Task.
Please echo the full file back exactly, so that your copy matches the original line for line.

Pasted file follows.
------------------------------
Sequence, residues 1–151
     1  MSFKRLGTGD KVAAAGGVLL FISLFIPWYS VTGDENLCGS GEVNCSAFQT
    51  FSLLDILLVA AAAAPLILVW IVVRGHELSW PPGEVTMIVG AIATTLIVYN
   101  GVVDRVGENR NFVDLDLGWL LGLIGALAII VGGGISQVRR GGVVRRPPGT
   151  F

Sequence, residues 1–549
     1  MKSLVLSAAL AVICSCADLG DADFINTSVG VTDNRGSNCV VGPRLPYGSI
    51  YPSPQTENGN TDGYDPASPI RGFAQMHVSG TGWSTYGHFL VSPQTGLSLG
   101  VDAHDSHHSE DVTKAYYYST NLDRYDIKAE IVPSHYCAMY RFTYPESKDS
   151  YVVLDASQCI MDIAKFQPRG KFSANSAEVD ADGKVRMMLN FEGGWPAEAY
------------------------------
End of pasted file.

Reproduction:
Sequence, residues 1–151
     1  MSFKRLGTGD KVAAAGGVLL FISLFIPWYS VTGDENLCGS GEVNCSAFQT
    51  FSLLDILLVA AAAAPLILVW IVVRGHELSW PPGEVTMIVG AIATTLIVYN
   101  GVVDRVGENR NFVDLDLGWL LGLIGALAII VGGGISQVRR GGVVRRPPGT
   151  F

Sequence, residues 1–549
     1  MKSLVLSAAL AVICSCADLG DADFINTSVG VTDNRGSNCV VGPRLPYGSI
    51  YPSPQTENGN TDGYDPASPI RGFAQMHVSG TGWSTYGHFL VSPQTGLSLG
   101  VDAHDSHHSE DVTKAYYYST NLDRYDIKAE IVPSHYCAMY RFTYPESKDS
   151  YVVLDASQCI MDIAKFQPRG KFSANSAEVD ADGKVRMMLN FEGGWPAEAY